Given Wales has far less coastline that its neighbours in Scotland (around 6,160 miles excluding islands) and England (8,982 excluding islands), it’s a pretty impressive feat.
The coast line of Wales measures in at around 1,370 (without Anglesey) and was recently awarded a total of 47 Blue Flag Beaches by Keep Wales Tidy.
19 more beaches were awarded a Green Coast Award and another 83 received a Seaside Awards, which recognises the quality of water and facilities.
Having lived in Gwynedd on the North Wales coast for the past three years, I can personally attest to the quality of the beaches.
Unfortunately, my local beaches didn’t make it on to the list (WTF?). Harlech and Llandanwg might not have Blue Flag beaches, but they’re gorgeous all the same.
From the 47 Blue Flag beaches in Wales, 19 of these located in the North. Almost half of these are situated in the Gwynedd region. These are Gwynedd’s finest…
Running for a total of 7km, this beach is popular with walkers along its promenade and for water sports enthusiasts, due to its lack of rocks. Tywyn is located to the south end of Gwynedd, on Cardigan Bay.
I live 5 miles north of Barmouth and, in 3 years, I’ve been to the beach once. This is mainly due to the fact that it’s incredibly popular during summer and school holidays.
There are times when getting from one end of town to the other (less than a mile) is impossible due to the sheer volume of traffic. However, the reason the beach is so popular is because it’s so pretty.
Barmouth Beach is nestled in Cardigan Bay and the town is part of Snowdonia National Park. The famous Three Peaks Yacht Race starts from Barmouth Bay each year and the beach and surrounding amusements and arcades are extremely popular with families.
A few miles round the coast from the popular tourist town of Porthmadog lies Morfa Bychan. The densely packed and flat beach area means that you can take your car here, but do try to avoid any good sandcastles if you do.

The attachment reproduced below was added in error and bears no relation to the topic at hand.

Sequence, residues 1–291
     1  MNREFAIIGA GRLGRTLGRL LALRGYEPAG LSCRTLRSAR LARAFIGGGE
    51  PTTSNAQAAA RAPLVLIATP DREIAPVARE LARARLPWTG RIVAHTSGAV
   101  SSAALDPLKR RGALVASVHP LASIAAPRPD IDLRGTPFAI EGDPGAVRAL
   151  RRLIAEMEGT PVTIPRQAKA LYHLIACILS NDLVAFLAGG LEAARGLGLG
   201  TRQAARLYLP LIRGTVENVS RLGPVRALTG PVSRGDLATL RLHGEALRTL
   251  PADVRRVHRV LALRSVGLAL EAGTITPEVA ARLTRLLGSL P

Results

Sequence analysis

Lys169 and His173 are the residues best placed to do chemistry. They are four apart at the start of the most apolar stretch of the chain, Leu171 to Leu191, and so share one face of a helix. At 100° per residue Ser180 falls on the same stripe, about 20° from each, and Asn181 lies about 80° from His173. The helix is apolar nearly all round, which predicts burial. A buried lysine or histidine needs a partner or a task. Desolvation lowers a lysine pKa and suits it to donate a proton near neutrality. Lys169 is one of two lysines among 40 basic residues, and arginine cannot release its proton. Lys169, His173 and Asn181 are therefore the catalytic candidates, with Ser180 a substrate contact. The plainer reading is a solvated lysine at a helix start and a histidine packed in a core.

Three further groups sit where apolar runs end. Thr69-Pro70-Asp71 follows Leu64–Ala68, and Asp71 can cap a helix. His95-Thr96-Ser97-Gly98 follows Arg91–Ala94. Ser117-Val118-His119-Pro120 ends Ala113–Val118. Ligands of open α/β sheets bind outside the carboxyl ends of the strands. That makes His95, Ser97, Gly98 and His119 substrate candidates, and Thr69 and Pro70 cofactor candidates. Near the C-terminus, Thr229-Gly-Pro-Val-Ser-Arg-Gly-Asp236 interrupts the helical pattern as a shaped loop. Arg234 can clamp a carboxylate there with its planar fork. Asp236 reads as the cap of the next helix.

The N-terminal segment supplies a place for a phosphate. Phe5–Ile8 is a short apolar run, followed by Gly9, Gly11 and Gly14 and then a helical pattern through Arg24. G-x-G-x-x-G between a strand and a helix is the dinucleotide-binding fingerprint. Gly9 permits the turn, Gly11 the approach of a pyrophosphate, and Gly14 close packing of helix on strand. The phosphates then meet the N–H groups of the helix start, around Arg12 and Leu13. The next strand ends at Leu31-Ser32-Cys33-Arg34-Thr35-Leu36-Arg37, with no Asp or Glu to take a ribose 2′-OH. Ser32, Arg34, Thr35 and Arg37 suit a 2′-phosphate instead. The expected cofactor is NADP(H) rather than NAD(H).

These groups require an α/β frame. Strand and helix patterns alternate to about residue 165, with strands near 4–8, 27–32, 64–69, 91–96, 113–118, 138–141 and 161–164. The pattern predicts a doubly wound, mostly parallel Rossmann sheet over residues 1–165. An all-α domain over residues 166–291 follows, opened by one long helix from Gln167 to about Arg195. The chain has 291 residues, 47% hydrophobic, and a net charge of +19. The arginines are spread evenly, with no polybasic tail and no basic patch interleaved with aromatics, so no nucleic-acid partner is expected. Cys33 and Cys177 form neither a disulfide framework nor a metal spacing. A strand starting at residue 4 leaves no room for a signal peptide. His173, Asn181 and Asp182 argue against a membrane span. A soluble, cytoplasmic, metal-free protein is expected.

Also known as Black Rock Sands, which sounds like something from the Pirates of the Caribbean movie, the beach is popular for kite surfing and dune buggies due to its flat surface. This also means that it’s one of the most accessible beaches for visitors with disabilities.
Technically, the town of Criccieth has two beaches, as the coast is separated by the hilltop castle. However, the Blue Flag Beach award covers both parts. There’s a lovely promenade for wandering along and a visit to either beach (or the castle) offers gorgeous views.
I personally like looking at the beach from the comfort of Cadwaladers Café as it sells homemade ice cream and has massive picture windows backing on the to sea.
Just because you can’t pronounce it doesn’t mean you shouldn’t visit. Pwllheli is a very pretty town, full of amenities, and its beach is very popular with visitors. The Wales Coastal Path runs through town and attracts a high percentage of walkers.
The beach itself is popular with families and there’ a skate park nearby. It’s also a major draw for sailors and kayakers who make the most of the temperate waters. Well, I say temperate, but I’m from Scotland, so everything here is temperate to me.
If you can get parked in Abersoch in the summer months then you’re doing well. This is a seriously popular beach and it’s designated as ‘safe’, meaning it has no strong currents. The beach is a haven for sailors and surfers and has a popular water sports centre.
There are pretty beach huts that can be rented for your stay and the local tourist boats can transport you on a trip to the nearby islands of St Tudwal’s or Bardsey.
Bear Grylls owns a small island here called St Tudwal’s West. He’s been annoying the locals by planning to build a harbour on it. However, it’s claimed that any building work would lead to erosion of the Llyn Peninsula on which Abersoch sits. Due to this, he’s coming up against some major objections.
Aberdaron is located not too far from Pwllheli on the Llyn Peninsula. The beach has easy access (including disabled) and is known for its annual sailing regatta.
The sandy beach is pristine and the water scores high for cleanliness. The surrounding village is extremely pretty and there are an abundance of shop and cafes to keep even the most restless visitor amused.
If staying on the shore isn’t your thing, there are several boats available to take curious tourists over to nearby Bardsey Island.
The beach also has a camp site nearby, should you wish to stay a little longer. Dogs are also welcome on the beach (good ones, obviously…) if they keep to the left of the slipway.
Dinas is situated further to the north end of Gwynedd, close to the historic walled town of Caernarfon. Known for its soft, sandy beach and crystal clear waters, Dinas is very popular due to its location, promenade, and abundance of free parking.
Dinas is designated as an area of special interest and has a constant RSPB presence. This is due to the numbers of rare birds who nest here. On good days, the views from Dinas stretch out over the Llyn Peninsula towards the Isle of Anglesey.
A full list of awards across North Wales can be found HERE.